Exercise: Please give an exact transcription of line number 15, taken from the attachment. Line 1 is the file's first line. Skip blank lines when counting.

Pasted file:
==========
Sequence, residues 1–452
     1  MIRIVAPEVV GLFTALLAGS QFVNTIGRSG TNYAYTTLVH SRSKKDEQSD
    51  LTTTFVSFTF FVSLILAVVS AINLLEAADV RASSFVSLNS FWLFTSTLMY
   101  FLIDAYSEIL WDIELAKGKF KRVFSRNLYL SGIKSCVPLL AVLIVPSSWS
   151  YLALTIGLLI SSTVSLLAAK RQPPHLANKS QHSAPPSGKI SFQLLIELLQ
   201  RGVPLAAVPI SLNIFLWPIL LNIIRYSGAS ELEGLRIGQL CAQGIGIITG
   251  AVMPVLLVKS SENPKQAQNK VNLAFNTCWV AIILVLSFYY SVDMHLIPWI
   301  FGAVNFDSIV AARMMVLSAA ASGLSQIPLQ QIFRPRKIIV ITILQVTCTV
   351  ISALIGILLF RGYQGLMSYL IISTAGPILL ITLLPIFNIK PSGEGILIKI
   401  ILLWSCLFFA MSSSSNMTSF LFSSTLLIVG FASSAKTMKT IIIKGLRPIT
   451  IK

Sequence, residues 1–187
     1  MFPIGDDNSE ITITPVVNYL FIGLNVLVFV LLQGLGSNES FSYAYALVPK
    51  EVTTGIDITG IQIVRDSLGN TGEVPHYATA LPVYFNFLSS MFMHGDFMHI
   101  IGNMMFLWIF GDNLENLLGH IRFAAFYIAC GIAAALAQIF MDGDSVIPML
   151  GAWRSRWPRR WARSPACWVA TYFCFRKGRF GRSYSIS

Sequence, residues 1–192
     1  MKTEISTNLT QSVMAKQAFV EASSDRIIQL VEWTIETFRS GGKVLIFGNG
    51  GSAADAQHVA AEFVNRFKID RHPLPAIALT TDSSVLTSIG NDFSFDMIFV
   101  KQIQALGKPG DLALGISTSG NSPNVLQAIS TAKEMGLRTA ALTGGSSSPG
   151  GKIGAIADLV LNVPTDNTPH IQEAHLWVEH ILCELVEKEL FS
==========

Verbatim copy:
   101  IGNMMFLWIF GDNLENLLGH IRFAAFYIAC GIAAALAQIF MDGDSVIPML